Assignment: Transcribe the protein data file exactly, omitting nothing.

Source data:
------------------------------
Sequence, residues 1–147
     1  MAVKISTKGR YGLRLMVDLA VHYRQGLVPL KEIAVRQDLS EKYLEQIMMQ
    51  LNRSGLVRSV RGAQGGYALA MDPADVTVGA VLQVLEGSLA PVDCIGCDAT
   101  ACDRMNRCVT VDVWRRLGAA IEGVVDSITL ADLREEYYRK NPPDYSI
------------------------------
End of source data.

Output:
Sequence, residues 1–147
     1  MAVKISTKGR YGLRLMVDLA VHYRQGLVPL KEIAVRQDLS EKYLEQIMMQ
    51  LNRSGLVRSV RGAQGGYALA MDPADVTVGA VLQVLEGSLA PVDCIGCDAT
   101  ACDRMNRCVT VDVWRRLGAA IEGVVDSITL ADLREEYYRK NPPDYSI